Profile: Cephas Forichi

Download Image for News

Profile: Cephas Forichi


The recent credit downgrade of the South African economy to full junk status by rating agencies citing weak economic growth that has led to a deterioration in public finances has put further strain on the country’s rising unemployment figures.

Milpark’s Investment Management lecturer, Cephas Forichi, believes that more drastic steps need to be taken to remedy the situation. Hailing from Zimbabwe, Forichi is an economist who possesses a wealth of experience in financial economics, investment management, corporate finance and academia.

Forichi believes that in order for the economy to crawl out of the dire situation it is in, “funds should be redirected from non-productive to productive sectors of the economy and the high levels of corruption need to be curbed. The expectation is that higher levels of economic growth will support more employment opportunities. However, most of South Africa’s unemployment is structural in nature, which requires greater skills development for the unemployed.”

Forichi gave us insight into his teaching style as well as into how technology is changing the investment management profession:

Q: What is your teaching approach in the classroom and what are its strengths and weaknesses?

A: I believe in a student-led classroom environment. The role of an educator is to facilitate and encourage learning to take place to ensure student development. My engagement with students is usually on providing techniques and skills for effective learning to take place. The approach encourages students to learn from one another. Involving students in the learning process builds their confidence and prepares them for assessments. However, the approach can be disastrous if the stage is not properly set and if students do not want to take ownership of their learning.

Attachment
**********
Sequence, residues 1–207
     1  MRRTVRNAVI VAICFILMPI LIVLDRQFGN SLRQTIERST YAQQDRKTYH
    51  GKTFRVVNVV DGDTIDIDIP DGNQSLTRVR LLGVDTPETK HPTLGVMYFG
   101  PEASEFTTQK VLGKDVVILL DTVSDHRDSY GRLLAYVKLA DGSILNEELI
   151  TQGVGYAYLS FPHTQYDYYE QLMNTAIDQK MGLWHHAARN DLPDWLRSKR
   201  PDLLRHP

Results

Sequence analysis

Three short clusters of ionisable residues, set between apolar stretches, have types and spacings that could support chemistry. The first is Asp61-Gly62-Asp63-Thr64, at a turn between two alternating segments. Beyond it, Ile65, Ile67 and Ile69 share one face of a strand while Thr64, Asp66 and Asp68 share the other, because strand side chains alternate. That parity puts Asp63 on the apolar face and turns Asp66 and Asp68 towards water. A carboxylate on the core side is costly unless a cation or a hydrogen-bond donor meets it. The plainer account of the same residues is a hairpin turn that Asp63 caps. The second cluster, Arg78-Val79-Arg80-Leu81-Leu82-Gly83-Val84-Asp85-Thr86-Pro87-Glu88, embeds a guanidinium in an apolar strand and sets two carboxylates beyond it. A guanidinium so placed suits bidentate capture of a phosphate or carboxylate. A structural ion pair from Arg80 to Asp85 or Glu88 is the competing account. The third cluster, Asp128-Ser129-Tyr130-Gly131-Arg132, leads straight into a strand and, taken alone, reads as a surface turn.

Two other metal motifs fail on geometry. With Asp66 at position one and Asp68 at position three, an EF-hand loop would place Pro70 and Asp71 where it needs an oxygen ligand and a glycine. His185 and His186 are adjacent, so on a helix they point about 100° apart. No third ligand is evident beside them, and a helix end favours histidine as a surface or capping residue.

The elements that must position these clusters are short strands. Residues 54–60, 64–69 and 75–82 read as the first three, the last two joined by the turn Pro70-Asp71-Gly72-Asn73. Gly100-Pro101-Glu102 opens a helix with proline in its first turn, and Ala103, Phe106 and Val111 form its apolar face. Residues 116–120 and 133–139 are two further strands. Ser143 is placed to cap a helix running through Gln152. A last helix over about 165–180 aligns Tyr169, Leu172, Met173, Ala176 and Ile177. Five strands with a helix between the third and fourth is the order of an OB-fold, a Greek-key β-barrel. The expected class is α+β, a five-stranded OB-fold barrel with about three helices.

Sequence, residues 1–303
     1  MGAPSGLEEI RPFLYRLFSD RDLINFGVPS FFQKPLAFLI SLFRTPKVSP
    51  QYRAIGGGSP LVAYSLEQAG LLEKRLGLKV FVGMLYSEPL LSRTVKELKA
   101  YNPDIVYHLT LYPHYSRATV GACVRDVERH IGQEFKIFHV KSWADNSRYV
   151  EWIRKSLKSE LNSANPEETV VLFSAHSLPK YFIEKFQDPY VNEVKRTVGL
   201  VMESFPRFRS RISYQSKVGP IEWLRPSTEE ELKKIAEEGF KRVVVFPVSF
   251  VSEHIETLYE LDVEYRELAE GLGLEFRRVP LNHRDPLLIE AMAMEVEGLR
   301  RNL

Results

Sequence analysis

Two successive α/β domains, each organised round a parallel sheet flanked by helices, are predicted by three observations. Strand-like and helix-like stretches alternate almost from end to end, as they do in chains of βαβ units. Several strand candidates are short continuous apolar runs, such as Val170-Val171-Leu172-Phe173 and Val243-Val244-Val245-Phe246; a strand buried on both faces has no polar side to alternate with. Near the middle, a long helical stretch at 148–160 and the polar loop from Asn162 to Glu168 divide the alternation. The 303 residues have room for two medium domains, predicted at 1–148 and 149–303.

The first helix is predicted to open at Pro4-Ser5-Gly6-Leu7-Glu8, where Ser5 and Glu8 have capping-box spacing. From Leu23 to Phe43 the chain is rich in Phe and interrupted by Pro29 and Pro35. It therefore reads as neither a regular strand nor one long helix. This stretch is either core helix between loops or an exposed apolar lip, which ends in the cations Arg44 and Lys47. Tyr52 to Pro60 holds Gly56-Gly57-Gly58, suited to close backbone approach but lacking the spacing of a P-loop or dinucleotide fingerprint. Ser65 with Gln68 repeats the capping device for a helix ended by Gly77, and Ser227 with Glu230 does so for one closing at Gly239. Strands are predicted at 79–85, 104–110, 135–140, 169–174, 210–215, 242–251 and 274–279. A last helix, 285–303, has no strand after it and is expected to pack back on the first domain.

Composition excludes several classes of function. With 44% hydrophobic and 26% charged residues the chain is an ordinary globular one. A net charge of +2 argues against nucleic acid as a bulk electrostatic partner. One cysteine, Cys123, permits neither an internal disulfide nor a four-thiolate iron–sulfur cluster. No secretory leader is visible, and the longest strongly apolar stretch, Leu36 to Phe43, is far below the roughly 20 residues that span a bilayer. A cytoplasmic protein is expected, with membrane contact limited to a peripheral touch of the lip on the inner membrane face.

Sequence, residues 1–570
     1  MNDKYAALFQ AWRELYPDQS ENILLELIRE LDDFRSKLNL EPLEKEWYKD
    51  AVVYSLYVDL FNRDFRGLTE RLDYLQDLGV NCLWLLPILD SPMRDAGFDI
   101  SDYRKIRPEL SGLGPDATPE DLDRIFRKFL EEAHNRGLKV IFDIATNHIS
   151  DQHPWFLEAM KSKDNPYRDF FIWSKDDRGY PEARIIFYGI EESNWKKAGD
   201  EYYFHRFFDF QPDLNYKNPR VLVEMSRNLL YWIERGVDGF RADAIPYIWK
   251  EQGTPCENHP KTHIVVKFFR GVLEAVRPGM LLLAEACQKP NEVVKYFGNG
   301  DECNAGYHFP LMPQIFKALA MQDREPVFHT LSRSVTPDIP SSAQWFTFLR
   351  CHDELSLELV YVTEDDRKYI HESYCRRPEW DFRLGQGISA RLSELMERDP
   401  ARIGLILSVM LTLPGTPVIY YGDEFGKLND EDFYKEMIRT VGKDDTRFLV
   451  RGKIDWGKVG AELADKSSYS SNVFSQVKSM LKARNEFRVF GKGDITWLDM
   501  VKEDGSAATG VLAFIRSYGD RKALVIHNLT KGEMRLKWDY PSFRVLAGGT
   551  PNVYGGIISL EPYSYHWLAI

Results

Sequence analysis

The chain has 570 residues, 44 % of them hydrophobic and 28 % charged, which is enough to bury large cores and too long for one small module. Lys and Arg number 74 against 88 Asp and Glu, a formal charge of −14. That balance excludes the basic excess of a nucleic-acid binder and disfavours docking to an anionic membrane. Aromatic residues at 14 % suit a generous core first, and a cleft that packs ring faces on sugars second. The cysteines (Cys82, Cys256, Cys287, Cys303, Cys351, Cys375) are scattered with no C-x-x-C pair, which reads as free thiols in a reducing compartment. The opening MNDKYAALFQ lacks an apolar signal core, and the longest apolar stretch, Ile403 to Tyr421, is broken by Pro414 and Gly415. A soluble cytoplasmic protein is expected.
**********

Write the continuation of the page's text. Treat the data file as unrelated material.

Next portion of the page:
Q: How has artificial intelligence influenced the way in which you do your work?

A: Efficiency and effectiveness have improved due to the incorporation of artificial intelligence. It (AI) has simplified my work and made it easier to execute my duties. It has allowed me to work from anywhere and I have constant interaction with students. The traditional distance learning has been turned into a virtual contact learning classroom.

Q: Which area(s) in your field of specialisation do you think still need further development?

A: Securities trading is an area in which I need further development. It is an area that has attracted interest from many people, with many seeking training on the subject. Having the practical experience on securities trading will positively enhance my facilitation skills on securities trading and I foresee that this can be a module on its own.

Q: How, in your view, are the programmes that you teach at Milpark impacting on the student experience and general society?

A: They offer real-life cases and scenarios that are relevant to the workplace and society at large. This makes learning a practical experience, with students easily relating to the learning outcomes. Most of our students are working in the investment industry and they are able to put their theoretical knowledge into practice. Students without an investment background are equipped with investing skills, while those in trade, have their skills sharpened. For one to be able to invest, one needs to save first, thus a culture of saving is cultivated. Businesses that are short of funds can tap into these savings leading to job creation and improved standards of living, with society at the receiving end.

30 Nov 2017